He said, “Many people have bought a lot of summer houses and fishing boats and brought their grandchildren into the university by lying about Armenia and covering up Azerbaijan.”
The Armenian National Committee and another group, the Armenian American Association, attempted to pressure Mercury by organizing protests outside their offices in Washington and Los Angeles and urging Mercury’s clients to cut ties with the company if it continued to represent Turkey.
The campaign had an impact. Catherine Barger, chair of the Los Angeles County Board of Supervisors, and Hilda Solis, a superintendent and former labor secretary in the Obama administration, wrote to Mercury on Wednesday urging the company to “immediately sever any commercial ties with the Republic of Turkey.” (Mercury is a contractor with Los Angeles County , Which includes a large Armenian population.)
California State Council Chairman Anthony Rendon and 16 other state legislators Mercury said On Thursday, they will not do business with the company as long as it represents Turkey. The Los Angeles Community College Department informed Mercury that it will “begin to exercise a 30-day termination clause” in its contract if Turkey remains a customer.
Mercury declined to comment. The Turkish embassy did not respond to a request for comment.
The pressure campaign on Armenians comes as Washington begins to shift its focus towards the fight.
Representative Jackie Speer (Democrat from California) introduced a resolution earlier this month condemning the role of Azerbaijan and Turkey in the conflict, which was supported by 67 people. On Friday, Foreign Minister Mike Pompeo met separately with Armenian Foreign Minister Zahrab Mnatsakyanian and Azerbaijani Foreign Minister Jihon Bayramov in an attempt to end hostilities.
Recall the efforts made to persuade lobbying firms in Washington that represent the government of the Kingdom of Saudi Arabia to cut ties with the kingdom in 2018 after Jamal Khashoggi was murdered in the Saudi consulate in Istanbul. The Washington Post, where Khashoggi was a contributing opinion writer, She threatened to block two lobbyists Who write columns in the newspaper unless their companies stop operating in Saudi Arabia.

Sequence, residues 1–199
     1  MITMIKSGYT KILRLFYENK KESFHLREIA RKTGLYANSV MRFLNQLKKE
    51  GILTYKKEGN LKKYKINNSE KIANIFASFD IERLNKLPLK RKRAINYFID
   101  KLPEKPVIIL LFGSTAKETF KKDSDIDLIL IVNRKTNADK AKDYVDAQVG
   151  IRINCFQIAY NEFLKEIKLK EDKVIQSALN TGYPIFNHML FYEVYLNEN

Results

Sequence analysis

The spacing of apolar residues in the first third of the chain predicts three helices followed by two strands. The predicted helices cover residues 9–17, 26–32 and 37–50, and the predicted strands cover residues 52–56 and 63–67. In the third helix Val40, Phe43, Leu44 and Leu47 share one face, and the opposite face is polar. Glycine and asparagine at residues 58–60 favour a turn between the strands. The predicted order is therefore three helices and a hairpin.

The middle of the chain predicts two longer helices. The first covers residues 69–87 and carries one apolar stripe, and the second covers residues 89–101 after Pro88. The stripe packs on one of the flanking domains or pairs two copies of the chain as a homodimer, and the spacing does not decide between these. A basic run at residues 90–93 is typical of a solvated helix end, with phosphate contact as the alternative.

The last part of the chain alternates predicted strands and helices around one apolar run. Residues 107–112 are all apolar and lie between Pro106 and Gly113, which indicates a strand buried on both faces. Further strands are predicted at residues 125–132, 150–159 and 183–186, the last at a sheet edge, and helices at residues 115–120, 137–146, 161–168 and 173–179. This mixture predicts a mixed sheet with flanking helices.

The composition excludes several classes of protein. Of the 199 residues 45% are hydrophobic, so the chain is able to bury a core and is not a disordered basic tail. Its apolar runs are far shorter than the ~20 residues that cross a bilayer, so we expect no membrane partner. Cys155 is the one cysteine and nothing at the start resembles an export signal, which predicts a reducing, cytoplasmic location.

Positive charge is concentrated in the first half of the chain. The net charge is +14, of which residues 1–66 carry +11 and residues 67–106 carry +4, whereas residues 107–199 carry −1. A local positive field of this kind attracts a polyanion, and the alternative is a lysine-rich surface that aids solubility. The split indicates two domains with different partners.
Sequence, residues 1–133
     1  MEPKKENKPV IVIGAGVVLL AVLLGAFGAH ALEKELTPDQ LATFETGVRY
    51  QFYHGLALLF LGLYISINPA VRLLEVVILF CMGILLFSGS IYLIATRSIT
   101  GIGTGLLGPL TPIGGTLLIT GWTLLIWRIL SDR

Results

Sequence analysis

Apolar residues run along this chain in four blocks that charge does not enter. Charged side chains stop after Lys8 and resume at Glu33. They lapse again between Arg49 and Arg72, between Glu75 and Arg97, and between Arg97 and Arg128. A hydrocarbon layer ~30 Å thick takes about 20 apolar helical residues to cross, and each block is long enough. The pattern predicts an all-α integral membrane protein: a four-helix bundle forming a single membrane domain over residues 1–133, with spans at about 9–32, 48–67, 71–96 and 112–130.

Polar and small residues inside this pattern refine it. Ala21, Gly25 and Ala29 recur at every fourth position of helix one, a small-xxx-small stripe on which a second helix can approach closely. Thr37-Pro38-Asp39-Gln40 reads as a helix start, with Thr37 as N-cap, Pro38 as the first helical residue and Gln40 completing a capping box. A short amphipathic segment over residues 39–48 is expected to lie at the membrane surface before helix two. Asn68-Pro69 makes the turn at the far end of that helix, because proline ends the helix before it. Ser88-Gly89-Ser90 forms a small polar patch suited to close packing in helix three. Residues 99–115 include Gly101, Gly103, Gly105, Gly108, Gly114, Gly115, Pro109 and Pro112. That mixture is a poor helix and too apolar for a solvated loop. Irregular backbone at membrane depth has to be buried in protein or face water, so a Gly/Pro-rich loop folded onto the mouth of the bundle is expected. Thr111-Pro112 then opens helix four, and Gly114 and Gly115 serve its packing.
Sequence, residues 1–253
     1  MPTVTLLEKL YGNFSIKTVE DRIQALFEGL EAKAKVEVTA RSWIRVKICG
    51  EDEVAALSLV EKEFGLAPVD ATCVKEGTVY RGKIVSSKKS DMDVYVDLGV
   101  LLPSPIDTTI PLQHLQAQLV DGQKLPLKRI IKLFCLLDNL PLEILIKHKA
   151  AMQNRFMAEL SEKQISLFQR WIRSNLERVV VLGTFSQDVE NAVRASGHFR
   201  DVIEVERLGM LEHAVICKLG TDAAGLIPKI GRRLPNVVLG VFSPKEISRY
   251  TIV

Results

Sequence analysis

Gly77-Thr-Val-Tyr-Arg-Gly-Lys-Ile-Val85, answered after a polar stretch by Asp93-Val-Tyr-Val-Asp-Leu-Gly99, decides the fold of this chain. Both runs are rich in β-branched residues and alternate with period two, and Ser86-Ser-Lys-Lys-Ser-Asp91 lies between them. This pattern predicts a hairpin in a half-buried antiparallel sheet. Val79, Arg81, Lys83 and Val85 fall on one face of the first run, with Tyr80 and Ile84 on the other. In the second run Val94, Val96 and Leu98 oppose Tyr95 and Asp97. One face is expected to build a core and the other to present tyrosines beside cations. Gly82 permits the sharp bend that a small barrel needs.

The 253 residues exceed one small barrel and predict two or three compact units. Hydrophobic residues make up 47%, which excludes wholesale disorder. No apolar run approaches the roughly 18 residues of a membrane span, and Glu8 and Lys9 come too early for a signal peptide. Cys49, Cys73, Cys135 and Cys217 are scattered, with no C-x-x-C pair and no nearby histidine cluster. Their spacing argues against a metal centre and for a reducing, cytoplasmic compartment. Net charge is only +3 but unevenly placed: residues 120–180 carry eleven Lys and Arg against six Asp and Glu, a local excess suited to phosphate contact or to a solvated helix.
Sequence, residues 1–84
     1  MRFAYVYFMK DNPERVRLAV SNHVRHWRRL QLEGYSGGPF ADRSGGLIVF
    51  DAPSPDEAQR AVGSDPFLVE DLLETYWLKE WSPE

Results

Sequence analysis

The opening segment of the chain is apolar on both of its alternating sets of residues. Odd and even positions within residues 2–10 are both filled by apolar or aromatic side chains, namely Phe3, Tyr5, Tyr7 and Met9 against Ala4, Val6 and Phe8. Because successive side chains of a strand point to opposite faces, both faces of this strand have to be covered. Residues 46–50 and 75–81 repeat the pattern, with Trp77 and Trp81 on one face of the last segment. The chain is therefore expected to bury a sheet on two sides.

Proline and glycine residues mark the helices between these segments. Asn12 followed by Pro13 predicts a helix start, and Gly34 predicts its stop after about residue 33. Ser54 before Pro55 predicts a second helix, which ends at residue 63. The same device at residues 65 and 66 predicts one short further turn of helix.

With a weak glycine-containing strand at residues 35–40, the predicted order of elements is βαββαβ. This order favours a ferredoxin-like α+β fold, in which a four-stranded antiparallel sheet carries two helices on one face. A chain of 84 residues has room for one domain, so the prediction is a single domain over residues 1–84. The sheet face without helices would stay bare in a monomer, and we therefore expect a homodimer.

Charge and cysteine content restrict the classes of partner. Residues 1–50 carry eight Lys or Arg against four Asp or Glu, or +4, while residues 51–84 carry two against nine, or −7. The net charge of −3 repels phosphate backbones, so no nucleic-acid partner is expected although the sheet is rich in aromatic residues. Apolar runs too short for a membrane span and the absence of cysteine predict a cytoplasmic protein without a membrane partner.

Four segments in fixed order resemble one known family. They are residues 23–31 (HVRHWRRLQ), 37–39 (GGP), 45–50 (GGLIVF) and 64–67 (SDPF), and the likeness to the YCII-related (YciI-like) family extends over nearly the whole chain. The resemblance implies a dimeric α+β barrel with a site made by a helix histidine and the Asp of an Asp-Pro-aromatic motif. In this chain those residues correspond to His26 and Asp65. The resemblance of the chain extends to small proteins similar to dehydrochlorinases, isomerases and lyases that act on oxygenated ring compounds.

The pressure ultimately led to five lobbying companies severing ties with the kingdom.
Turkey and Azerbaijan are not deprived of leverage now without Mercury, which Turkey hired in January under a contract set to last until the end of the year, according to a copy provided to the Justice Ministry. The company was mandated to help organize events that would allow Turkey to “communicate with public policy stakeholders” and advise the Turkish government on media relations.
Turkey also maintains lobbying firms Capitol Counsel and Greenberg Traurig while the Azerbaijani government maintains BGR, according to disclosure files. The lobbyists in the member states include former Representatives Bill Delahunt (Democrat, Massachusetts), Charles Boustany (R. Los Angeles), Randy Forbes (R. Virginia), and Albert Wayne (Democrat, Massachusetts).
Meanwhile, the Armenian government appointed former Senate majority leader Bob Dole last month to help out in Washington.
Another former lawmaker, former Rep. Bob Livingston (R from Los Angeles) of the Livingston Group, stopped representing the Azerbaijani government last week, according to the filing of disclosure, although it is unclear if Livingston is really pushing for the country.
Asmar Yusufzadeh, a spokesperson for the Azerbaijani embassy in Washington, wrote in an email to Politico that the country had not been in contact with the Livingstone team for over a decade.
Livingston did not respond to a request for comment. Capitol adviser Greenberg Traorig declined to comment.
Hambrian said he plans to ramp up the pressure on the BGR now that Mercury has surrendered. But BGR could be a tougher target: the company said in a statement that it “intends to continue to represent Azerbaijan”.